1. Tim Walters says:

    “The 2007 Institute of Medicine report Preterm Birth [87] found that the 550,000 preemies born each year in the U.S. run up about $26 billion in annual costs, mostly related to care in NICUs, but the real tab may top $50 billion.”

    The article leaves this fact out. The research done in post trials for this drug can help cut this number down, as weeks in the NICU costs much more than the drug.

    3.5 Billion is ALOT less than 26 Billion

  2. Jennifer Gunter says:

    Tim, you must work for KV Pharamceuticals. The numbers have been run, and Makena is a cost ineffective way to prevent prematurity. To use Makena on all 136,000 pregnancies that are eligible will be $4 billion a year, and as the NEJM article pointed out, that amounts to paying $8-12 dollars to save $1 in prematurity. Remember, Makena/17OP only reduces the risk of delivery by 30% for a subset of women.

    Get your facts straight!

  3. Pingback: A big mess for the March of Dimes | Catching Up With Daphne

  4. Mike Mar says:

    P17 has existed for 50 years and is an effective drug. KV’s 150x price point increase will reduce availability and increase premature births and stillbirths. Its not whether the help this drug will give is worth the money. THis will increase taxpayer burden and stillbirth/premature births. Keep pressure on KV on price point. Ironically its for KVs own good. When their actions lead to increased stillbirths/premature births, it will put their company out of business. They still may understand and shift. We have only started ratcheting up the pressure if they don’t

  5. PAS says:

    The exclusion of bulk powders has little to do with the FDA I’m afraid. Specifically, it has to do with something called OBRA’90 and 1927(k) of the Social Security Act. The law itself can be seen here:

    http://www.ssa.gov/OP_Home/ssact/title19/1927.htm

    Basically, this is the legal definition of a pharmacy drug that Medicaid and Medicare work with. This doesn’t apply to things delivered in a doctor’s office or a hospital, but applies to the pharmacy side of health care. Basically it defines a drug as such

    Either:

    i: a drug licensed in the FD&C act sections:
    505(a ‘brand’ name drug)
    507(defunct, removed in the 1990s. Used to be for ABx)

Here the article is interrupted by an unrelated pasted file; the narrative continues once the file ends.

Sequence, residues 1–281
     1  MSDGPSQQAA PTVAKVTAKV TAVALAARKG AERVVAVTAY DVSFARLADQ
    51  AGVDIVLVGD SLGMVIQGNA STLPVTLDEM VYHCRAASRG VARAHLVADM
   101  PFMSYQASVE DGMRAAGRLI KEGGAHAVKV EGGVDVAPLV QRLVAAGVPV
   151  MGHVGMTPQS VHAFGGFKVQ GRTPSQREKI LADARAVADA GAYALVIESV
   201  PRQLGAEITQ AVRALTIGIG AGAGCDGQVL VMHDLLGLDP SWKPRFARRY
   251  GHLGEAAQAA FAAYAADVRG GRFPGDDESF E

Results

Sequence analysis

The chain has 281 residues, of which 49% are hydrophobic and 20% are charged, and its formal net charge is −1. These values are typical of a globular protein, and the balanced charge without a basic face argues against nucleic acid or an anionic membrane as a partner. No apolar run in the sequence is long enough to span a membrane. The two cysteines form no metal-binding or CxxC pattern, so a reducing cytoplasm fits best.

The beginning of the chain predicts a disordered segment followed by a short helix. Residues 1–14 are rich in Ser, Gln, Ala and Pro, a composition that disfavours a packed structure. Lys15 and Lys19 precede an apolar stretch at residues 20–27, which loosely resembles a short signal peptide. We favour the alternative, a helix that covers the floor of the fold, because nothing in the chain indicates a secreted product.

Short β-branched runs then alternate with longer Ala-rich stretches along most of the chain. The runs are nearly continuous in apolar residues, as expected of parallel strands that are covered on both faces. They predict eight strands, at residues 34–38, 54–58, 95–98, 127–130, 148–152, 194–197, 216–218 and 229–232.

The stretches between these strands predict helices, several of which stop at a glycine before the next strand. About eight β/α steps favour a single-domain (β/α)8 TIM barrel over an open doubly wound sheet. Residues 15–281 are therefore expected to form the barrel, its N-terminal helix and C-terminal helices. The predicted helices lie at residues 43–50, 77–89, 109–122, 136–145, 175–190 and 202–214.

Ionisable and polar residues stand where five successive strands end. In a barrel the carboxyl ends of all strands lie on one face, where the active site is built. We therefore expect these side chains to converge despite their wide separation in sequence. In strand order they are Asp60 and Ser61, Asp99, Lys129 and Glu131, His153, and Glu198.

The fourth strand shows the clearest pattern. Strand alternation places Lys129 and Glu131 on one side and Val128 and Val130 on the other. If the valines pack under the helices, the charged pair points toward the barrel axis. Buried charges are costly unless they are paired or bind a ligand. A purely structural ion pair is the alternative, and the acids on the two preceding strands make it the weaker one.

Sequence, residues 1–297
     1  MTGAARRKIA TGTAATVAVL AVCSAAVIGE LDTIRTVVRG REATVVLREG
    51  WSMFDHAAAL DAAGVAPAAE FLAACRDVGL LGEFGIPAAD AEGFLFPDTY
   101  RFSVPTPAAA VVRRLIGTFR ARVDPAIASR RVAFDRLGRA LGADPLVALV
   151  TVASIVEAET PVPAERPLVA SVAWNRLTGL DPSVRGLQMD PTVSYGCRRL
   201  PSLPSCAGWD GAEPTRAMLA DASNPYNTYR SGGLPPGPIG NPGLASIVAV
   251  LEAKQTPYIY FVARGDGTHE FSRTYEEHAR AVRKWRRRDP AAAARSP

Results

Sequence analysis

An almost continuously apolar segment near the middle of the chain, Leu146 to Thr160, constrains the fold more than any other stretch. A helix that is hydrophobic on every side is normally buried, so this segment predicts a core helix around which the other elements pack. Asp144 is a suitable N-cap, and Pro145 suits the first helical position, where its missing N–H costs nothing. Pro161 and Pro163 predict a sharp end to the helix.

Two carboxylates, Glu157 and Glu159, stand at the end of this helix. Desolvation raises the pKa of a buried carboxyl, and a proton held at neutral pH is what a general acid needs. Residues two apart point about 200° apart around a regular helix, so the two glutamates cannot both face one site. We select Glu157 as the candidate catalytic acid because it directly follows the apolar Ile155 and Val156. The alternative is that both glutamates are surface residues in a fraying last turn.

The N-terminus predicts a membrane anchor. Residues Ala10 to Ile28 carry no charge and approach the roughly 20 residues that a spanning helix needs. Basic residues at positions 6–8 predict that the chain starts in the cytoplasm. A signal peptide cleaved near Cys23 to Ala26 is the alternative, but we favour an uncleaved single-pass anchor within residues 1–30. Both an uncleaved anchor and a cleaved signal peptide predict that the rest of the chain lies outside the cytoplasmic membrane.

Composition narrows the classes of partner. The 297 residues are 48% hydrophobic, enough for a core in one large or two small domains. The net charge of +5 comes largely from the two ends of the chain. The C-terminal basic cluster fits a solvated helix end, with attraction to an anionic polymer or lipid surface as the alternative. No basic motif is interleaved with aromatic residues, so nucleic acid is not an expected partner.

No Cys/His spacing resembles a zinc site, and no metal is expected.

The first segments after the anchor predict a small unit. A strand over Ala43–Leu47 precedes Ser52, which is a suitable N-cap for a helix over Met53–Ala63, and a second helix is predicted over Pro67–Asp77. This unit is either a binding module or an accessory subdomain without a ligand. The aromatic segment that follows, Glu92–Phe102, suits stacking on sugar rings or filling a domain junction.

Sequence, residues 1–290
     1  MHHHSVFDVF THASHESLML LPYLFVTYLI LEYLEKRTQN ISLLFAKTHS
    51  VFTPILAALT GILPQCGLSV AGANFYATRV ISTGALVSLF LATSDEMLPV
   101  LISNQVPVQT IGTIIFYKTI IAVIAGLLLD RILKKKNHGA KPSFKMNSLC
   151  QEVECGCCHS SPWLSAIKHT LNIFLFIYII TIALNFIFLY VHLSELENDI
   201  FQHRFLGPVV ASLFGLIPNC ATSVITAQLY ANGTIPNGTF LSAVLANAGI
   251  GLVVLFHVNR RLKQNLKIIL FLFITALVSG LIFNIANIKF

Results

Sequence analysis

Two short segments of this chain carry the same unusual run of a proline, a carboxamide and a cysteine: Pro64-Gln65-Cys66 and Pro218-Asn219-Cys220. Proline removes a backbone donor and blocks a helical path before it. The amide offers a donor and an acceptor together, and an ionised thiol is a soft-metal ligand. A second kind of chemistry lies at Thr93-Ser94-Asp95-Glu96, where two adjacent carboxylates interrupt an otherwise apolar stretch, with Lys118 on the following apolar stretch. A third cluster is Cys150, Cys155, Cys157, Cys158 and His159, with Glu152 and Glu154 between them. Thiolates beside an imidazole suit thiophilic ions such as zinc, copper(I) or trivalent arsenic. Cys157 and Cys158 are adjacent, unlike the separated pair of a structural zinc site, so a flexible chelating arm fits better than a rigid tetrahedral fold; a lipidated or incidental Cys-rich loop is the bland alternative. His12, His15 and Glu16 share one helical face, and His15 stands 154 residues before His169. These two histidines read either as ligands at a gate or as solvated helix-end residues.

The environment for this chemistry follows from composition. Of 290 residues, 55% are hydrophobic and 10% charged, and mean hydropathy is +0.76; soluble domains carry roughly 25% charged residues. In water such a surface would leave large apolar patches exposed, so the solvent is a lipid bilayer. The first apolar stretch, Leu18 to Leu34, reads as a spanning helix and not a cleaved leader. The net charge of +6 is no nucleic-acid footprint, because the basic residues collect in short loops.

505(j) (a ‘generic’ drug)

    ii: A pre-1962 drug which has NOT had the DESI proceedings finished
    iii: A pre-1962 drug that is NOT a DESI drug.
    iv: a biological drug licensed under the appropriate law (think Synagis)
    v: insulin

    Basically, in order for this to be a drug product that fits into Medicare/Medicaid, it has to be in one of those categories. Anything that’s in those categories gets wrapped up into the CMS files and processed as such. But looking at those definitions – bulk powders clearly do not fit into any of them. No question of it.

    The problem is, as long I’ve known, bulk powders have been in those CMS files. The states went to CMS and demanded clarification. I believe the pressing worry was that they’d suddenly get funding pulled out from under them. CMS, effectively said, ‘oops our bad’ and pulled all the bulk products out of their files in an orderly fashion effective in 2011.

    With the notable exception of Makena, the drug companies do NOT win with this answer. They can no longer sell their products to Medicaid/Care – and these folks use a fair number of compounds. Medicaid doesn’t win, CMS doesn’t win, and the patient’s don’t win. Makena, has, however, taken advantage of this situation. I’d be curious to see the pricing would be if this hadn’t happened.

  6. Pingback: The price of a popular drug to prevent premature labor is increased from $10 to $1,500 « Penteract

  7. Pingback: The price of a popular drug to prevent premature labor is increased from $10 to $1,500 at Penteract